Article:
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Effects of abstinence and family history for alcoholism on platelet adenylyl cyclase activity.
Alcohol Clin Exp Res. 1998 Dec; 22(9):1955-61.AC

Abstract

Platelet adenylyl cyclase (AC) activity was measured in 32 alcohol-dependent subjects and 27 control subjects who were categorized as either family history-positive (FHP) or family history-negative (FHN) for alcoholism. The interview and blood sample collections were performed shortly after cessation of heavy drinking in the alcoholic group, and repeat blood samples were obtained at the end of the first and second weeks of monitored abstinence. Control subjects received the same interview and provided blood samples at the time of the interview. When subjects were not segregated for FHP or FHN status, there were no statistically significant differences in basal, cesium fluoride (CsF)-, or forskolin-stimulated mean AC activities between the controls and the alcoholics, at study entry or with 1 or 2 weeks of abstinence. On the other hand, over the 2-week course of sobriety from heavy drinking, the CsF-stimulated AC activity of FHP alcohol-dependent subjects decreased significantly (p = 0.03). FHP alcohol-dependent subjects after 2 weeks of sobriety had significantly lower mean CsF-stimulated AC activity than FHN controls (p = 0.04), whereas the FHN alcoholic subjects' CsF-stimulated AC activity did not differ significantly from FHN controls at this point in time. When all subjects were pooled and then categorized as either FHP or FHN, there was a significant difference in mean CsF-stimulated AC activity (p = 0.02) between the FHP and FHN subject groups. Genetic factors and abstinence appear to have roles in determining low platelet AC activity in alcoholic and nonalcoholic subjects. CsF-stimulated platelet AC activity, in particular, appears to act as a trait marker for a genetic vulnerability to developing alcoholism, but recent heavy drinking in male alcoholics is a factor that can mask differences between FHP and FHN subjects.

Authors+Show Affiliations

Department of Psychiatry, University of Colorado Health Sciences Center, Denver, USA.No affiliation info availableNo affiliation info available

Pub Type(s)

Journal Article
Research Support, Non-U.S. Gov't
Research Support, U.S. Gov't, P.H.S.

Language

eng

PubMed ID

9884138

Citation

Menninger, J A., et al. "Effects of Abstinence and Family History for Alcoholism On Platelet Adenylyl Cyclase Activity." Alcoholism, Clinical and Experimental Research, vol. 22, no. 9, 1998, pp. 1955-61.
Menninger JA, Barón AE, Tabakoff B. Effects of abstinence and family history for alcoholism on platelet adenylyl cyclase activity. Alcohol Clin Exp Res. 1998;22(9):1955-61.
Menninger, J. A., Barón, A. E., & Tabakoff, B. (1998). Effects of abstinence and family history for alcoholism on platelet adenylyl cyclase activity. Alcoholism, Clinical and Experimental Research, 22(9), 1955-61.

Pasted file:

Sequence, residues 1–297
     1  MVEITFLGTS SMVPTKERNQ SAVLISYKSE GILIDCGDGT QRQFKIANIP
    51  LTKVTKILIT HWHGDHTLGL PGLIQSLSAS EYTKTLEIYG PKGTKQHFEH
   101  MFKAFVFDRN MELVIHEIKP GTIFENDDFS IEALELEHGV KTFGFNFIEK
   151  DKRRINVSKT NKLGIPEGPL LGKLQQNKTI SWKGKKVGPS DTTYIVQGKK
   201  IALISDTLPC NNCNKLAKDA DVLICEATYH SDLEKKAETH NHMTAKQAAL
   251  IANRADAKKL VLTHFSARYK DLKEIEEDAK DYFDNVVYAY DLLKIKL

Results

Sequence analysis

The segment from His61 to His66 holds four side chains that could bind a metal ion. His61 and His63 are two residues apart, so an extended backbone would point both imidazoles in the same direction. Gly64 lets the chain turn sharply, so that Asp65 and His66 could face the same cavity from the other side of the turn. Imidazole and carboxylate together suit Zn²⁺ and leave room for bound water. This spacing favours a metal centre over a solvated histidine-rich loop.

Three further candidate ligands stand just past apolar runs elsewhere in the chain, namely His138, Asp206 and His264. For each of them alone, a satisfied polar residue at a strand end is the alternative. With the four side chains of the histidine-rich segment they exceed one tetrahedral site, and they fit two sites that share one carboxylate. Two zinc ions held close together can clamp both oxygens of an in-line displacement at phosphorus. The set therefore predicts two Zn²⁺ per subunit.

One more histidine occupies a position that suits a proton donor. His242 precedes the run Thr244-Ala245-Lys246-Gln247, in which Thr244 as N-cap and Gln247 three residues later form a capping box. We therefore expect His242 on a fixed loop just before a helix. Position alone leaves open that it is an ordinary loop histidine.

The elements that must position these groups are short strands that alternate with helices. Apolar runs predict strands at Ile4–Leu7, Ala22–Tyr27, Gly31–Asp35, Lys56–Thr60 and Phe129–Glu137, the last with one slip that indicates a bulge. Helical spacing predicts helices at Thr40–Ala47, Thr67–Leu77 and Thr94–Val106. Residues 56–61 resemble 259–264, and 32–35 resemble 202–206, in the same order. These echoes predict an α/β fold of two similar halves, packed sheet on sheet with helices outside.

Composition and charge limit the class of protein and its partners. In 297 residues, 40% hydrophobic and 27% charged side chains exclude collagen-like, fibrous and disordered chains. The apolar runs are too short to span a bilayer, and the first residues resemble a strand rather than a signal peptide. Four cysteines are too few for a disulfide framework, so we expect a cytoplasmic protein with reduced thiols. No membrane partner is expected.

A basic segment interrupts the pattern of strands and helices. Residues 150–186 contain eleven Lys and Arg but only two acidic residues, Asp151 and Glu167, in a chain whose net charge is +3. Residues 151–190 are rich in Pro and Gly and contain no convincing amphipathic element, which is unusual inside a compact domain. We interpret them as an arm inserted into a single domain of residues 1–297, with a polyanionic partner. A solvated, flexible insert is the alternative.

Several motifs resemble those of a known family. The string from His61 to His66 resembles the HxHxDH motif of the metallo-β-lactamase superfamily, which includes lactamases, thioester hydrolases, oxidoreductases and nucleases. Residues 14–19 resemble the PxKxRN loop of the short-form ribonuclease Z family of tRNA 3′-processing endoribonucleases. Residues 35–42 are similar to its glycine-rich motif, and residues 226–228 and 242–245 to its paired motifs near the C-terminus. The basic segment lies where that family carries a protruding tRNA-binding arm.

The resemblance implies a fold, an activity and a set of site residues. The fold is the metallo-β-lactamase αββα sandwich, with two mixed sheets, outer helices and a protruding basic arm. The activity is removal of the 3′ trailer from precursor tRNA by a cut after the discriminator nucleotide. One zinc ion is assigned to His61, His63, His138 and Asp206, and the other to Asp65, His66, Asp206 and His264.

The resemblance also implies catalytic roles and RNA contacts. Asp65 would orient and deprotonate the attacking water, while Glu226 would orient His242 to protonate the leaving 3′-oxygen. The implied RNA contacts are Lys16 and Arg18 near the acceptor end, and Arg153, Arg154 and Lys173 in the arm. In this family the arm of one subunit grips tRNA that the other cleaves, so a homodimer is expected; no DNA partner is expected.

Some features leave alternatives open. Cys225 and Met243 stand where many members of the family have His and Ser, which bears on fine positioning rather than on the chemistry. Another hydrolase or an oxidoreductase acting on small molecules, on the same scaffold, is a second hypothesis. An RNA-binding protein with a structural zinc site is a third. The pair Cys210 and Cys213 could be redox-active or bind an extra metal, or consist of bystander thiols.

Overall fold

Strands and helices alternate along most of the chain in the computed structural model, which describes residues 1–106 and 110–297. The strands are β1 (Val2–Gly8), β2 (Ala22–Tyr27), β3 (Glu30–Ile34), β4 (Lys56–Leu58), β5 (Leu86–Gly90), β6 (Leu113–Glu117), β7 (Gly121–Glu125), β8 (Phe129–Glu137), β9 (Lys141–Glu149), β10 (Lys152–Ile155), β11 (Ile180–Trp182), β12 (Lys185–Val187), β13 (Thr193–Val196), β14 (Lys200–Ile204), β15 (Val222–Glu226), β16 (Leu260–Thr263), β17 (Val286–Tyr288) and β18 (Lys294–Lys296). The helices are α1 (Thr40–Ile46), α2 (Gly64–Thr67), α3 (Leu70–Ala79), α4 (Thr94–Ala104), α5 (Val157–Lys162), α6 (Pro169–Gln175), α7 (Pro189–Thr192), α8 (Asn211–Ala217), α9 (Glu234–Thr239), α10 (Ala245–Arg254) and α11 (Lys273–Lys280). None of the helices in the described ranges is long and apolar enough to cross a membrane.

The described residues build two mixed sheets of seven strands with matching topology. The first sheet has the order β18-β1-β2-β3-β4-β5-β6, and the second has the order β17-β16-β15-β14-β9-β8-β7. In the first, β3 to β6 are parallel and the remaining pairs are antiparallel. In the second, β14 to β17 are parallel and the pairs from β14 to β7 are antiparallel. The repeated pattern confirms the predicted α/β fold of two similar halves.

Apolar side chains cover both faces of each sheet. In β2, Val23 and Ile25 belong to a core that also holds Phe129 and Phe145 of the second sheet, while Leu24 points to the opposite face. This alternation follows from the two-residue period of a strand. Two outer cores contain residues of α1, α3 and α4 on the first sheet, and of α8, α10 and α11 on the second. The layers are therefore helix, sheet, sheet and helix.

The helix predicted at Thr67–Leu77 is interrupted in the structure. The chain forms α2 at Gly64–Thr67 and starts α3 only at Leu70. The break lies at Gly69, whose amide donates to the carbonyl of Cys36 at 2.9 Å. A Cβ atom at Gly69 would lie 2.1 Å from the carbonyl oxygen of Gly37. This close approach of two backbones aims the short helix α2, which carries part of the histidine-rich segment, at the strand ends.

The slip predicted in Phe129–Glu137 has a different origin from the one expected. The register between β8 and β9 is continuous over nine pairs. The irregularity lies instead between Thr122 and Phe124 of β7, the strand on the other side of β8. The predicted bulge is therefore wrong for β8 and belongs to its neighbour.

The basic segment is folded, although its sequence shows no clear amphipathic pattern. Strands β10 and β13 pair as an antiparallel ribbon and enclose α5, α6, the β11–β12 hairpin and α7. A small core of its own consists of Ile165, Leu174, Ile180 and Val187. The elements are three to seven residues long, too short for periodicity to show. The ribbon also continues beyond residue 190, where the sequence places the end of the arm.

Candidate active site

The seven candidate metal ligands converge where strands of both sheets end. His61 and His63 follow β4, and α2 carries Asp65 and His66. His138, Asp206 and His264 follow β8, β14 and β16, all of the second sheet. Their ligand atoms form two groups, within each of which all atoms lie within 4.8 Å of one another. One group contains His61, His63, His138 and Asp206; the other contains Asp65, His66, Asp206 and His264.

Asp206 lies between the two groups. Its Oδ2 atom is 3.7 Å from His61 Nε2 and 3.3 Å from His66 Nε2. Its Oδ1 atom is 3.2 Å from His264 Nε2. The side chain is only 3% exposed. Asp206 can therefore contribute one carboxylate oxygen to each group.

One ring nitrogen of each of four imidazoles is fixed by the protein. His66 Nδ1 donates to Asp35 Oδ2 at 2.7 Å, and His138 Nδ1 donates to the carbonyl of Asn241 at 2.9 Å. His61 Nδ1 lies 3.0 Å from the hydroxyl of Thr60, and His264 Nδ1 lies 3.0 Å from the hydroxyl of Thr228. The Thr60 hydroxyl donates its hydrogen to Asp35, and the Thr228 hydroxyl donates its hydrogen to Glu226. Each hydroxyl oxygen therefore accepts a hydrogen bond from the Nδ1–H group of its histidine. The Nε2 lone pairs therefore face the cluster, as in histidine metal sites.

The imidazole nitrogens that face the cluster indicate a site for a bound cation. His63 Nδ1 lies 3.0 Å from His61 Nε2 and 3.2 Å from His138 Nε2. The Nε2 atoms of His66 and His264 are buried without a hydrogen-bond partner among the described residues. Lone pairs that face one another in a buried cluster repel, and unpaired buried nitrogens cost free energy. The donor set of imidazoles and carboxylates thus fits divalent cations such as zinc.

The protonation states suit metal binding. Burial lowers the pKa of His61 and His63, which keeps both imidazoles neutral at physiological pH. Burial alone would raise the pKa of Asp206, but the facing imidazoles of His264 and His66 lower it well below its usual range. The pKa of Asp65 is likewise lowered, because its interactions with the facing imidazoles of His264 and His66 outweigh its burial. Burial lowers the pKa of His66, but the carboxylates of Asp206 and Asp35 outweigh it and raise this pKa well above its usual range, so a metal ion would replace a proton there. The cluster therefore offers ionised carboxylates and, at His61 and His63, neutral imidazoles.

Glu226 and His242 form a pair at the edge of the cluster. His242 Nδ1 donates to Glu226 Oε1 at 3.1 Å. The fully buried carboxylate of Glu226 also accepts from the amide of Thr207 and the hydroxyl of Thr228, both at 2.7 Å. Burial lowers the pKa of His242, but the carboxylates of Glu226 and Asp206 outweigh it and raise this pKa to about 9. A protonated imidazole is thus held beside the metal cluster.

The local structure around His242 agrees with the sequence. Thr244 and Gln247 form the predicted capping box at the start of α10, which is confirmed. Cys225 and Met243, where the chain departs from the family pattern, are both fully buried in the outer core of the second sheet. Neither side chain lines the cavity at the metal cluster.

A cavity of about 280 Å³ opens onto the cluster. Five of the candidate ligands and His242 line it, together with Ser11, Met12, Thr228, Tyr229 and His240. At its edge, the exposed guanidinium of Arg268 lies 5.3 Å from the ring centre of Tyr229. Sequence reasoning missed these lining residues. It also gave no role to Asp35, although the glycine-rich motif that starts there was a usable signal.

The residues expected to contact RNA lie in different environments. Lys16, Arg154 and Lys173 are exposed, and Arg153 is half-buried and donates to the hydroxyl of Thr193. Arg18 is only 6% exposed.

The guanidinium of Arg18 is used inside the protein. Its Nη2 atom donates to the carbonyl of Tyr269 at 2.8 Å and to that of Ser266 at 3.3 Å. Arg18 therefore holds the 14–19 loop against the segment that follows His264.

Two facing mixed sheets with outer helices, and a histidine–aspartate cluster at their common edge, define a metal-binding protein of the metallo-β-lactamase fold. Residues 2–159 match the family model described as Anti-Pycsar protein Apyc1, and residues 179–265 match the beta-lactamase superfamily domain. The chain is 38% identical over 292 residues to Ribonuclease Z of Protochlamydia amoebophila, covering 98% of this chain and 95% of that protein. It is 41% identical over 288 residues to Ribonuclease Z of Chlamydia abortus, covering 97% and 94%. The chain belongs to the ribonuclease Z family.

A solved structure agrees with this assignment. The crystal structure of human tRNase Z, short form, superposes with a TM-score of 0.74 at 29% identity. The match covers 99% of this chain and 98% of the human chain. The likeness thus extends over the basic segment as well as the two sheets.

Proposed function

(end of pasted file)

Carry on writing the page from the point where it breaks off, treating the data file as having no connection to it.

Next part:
Menninger JA, Barón AE, Tabakoff B. Effects of Abstinence and Family History for Alcoholism On Platelet Adenylyl Cyclase Activity. Alcohol Clin Exp Res. 1998;22(9):1955-61. PubMed PMID: 9884138.
* Article titles in AMA citation format should be in sentence-case
TY - JOUR T1 - Effects of abstinence and family history for alcoholism on platelet adenylyl cyclase activity. AU - Menninger,J A, AU - Barón,A E, AU - Tabakoff,B, PY - 1999/1/12/pubmed PY - 1999/1/12/medline PY - 1999/1/12/entrez SP - 1955 EP - 61 JF - Alcoholism, clinical and experimental research JO - Alcohol Clin Exp Res VL - 22 IS - 9 N2 - Platelet adenylyl cyclase (AC) activity was measured in 32 alcohol-dependent subjects and 27 control subjects who were categorized as either family history-positive (FHP) or family history-negative (FHN) for alcoholism. The interview and blood sample collections were performed shortly after cessation of heavy drinking in the alcoholic group, and repeat blood samples were obtained at the end of the first and second weeks of monitored abstinence. Control subjects received the same interview and provided blood samples at the time of the interview. When subjects were not segregated for FHP or FHN status, there were no statistically significant differences in basal, cesium fluoride (CsF)-, or forskolin-stimulated mean AC activities between the controls and the alcoholics, at study entry or with 1 or 2 weeks of abstinence. On the other hand, over the 2-week course of sobriety from heavy drinking, the CsF-stimulated AC activity of FHP alcohol-dependent subjects decreased significantly (p = 0.03). FHP alcohol-dependent subjects after 2 weeks of sobriety had significantly lower mean CsF-stimulated AC activity than FHN controls (p = 0.04), whereas the FHN alcoholic subjects' CsF-stimulated AC activity did not differ significantly from FHN controls at this point in time. When all subjects were pooled and then categorized as either FHP or FHN, there was a significant difference in mean CsF-stimulated AC activity (p = 0.02) between the FHP and FHN subject groups. Genetic factors and abstinence appear to have roles in determining low platelet AC activity in alcoholic and nonalcoholic subjects. CsF-stimulated platelet AC activity, in particular, appears to act as a trait marker for a genetic vulnerability to developing alcoholism, but recent heavy drinking in male alcoholics is a factor that can mask differences between FHP and FHN subjects. SN - 0145-6008 UR - https://www.unboundmedicine.com/medline/citation/9884138/Effects_of_abstinence_and_family_history_for_alcoholism_on_platelet_adenylyl_cyclase_activity_ L2 - https://onlinelibrary.wiley.com/resolve/openurl?genre=article&sid=nlm:pubmed&issn=0145-6008&date=1998&volume=22&issue=9&spage=1955 DB - PRIME DP - Unbound Medicine ER -